In a closely watched case that has tested Sarbanes-Oxley protection for corporate whistleblowers, the 4th Circuit has upheld a Southwest Virginia bank’s refusal to reinstate a CFO who filed one of the nation’s first whistleblower claims under the 2002 Act.
David Welch claimed that Cardinal Bankshares – a holding company for the Bank of Floyd – fired him in retaliation for complaints about bank accounting practices. Welch had complained to bank management that the bank had classified as “income” a repaid $195,000 loan the bank previously had written off, restricted Welch’s access to the bank’s outside auditor and allowed inexperienced personnel to make accounting ledger entries.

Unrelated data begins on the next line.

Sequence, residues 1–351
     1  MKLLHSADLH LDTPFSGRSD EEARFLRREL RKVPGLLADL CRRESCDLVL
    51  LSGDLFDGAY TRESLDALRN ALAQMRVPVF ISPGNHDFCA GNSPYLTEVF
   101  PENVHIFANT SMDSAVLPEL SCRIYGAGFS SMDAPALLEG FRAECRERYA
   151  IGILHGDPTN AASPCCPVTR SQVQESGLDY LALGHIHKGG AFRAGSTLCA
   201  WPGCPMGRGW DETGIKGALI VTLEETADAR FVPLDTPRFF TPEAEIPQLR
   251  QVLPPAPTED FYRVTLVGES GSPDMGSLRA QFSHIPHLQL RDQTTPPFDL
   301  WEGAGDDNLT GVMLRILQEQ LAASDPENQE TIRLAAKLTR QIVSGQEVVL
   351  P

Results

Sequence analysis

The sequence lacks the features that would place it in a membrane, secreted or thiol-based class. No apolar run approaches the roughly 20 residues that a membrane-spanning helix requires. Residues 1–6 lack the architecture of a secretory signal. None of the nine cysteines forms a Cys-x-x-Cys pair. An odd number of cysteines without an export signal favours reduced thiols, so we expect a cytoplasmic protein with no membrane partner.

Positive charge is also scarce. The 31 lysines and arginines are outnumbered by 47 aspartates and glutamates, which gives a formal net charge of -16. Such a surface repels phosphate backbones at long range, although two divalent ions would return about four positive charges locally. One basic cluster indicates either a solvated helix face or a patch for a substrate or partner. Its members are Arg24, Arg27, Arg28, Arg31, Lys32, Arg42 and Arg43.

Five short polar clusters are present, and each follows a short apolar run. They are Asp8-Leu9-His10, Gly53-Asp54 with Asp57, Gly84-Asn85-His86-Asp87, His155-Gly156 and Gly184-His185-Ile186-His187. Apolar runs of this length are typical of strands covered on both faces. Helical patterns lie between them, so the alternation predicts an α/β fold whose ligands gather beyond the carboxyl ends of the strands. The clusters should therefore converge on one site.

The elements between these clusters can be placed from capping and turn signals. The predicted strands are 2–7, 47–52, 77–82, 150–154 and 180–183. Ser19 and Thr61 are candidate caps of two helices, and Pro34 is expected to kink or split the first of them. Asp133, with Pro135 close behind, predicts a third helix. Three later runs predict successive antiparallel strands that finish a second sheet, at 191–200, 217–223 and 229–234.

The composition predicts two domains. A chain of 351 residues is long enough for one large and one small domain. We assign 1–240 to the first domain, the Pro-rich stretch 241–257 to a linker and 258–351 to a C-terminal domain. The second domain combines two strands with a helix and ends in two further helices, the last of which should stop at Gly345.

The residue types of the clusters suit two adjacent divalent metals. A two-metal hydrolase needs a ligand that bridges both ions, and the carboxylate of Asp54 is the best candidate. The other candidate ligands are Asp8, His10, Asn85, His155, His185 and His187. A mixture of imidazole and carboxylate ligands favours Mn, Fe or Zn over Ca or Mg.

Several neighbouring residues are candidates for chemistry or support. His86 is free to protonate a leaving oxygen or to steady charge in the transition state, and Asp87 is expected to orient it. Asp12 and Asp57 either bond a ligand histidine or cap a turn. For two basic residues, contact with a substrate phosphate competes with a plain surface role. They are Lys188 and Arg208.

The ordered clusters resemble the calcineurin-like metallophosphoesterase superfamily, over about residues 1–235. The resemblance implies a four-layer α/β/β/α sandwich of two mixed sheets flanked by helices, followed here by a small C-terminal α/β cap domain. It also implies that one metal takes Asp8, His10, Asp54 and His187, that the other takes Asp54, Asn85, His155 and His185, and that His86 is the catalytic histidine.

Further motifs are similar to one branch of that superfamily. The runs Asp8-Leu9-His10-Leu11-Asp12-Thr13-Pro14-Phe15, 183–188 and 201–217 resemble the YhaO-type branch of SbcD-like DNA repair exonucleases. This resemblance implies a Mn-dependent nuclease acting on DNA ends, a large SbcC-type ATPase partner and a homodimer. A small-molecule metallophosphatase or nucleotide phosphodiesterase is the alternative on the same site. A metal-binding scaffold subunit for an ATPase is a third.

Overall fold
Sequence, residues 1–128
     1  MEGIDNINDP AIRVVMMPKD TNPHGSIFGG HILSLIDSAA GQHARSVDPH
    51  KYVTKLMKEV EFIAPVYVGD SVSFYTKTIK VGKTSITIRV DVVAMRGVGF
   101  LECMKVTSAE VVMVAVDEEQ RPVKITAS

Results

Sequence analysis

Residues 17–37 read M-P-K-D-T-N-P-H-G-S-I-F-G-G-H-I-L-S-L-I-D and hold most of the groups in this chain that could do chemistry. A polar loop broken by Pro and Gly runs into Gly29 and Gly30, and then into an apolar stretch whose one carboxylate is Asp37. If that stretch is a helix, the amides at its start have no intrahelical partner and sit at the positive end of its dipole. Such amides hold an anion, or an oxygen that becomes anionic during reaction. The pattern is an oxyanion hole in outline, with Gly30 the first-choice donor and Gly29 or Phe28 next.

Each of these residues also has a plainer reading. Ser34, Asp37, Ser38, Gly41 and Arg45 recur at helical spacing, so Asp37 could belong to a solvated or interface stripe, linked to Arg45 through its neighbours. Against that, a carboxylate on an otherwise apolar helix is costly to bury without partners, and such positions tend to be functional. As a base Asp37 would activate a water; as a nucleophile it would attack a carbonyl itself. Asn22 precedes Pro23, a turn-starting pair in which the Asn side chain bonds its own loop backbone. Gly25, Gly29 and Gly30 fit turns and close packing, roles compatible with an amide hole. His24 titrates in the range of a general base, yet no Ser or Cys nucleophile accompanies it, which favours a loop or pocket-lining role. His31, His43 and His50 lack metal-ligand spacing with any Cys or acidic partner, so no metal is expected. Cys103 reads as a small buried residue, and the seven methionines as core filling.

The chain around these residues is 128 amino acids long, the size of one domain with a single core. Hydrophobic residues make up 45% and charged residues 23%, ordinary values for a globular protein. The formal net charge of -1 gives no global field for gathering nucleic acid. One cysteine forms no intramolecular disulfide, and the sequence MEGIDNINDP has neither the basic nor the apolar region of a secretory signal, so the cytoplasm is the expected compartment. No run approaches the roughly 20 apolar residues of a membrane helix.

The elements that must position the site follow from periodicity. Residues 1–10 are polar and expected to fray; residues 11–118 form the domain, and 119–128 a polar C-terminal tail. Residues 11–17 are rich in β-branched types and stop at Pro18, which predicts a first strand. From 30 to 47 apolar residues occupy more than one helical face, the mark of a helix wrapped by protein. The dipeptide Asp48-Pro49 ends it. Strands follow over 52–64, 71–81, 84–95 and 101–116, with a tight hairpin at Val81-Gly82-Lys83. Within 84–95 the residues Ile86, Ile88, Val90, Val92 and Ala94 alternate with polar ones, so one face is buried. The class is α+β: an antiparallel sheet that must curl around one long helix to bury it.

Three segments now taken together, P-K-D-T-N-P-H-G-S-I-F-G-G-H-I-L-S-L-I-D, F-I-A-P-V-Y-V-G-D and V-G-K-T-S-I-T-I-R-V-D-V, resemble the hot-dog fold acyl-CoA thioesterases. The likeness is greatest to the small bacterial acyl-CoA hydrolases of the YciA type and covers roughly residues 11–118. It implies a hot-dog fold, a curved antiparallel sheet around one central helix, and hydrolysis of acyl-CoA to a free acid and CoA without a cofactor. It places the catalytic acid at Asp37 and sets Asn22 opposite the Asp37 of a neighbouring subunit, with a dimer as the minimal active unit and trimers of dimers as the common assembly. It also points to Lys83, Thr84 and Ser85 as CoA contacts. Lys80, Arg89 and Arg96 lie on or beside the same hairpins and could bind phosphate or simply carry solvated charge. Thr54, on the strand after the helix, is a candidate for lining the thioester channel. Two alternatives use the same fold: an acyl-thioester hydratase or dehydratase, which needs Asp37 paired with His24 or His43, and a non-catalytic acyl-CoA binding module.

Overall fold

Writing for a unanimous panel in Welch v. Chao, Judge Diana Gribbon Motz said a SOX whistleblower doesn’t have to cite code sections to make out a claim, but he has to identify the specific conduct he “reasonably believes” is illegal. The panel said communications about misclassifications in financial statements could form the basis of a SOX whistleblower claim.
Welch’s SOX claim failed because his citation of accounting treatises and later-passed laws and regulations could not show how the bank’s accounting practices reasonably could have been perceived as a violation of federal securities laws.
By Deborah Elkins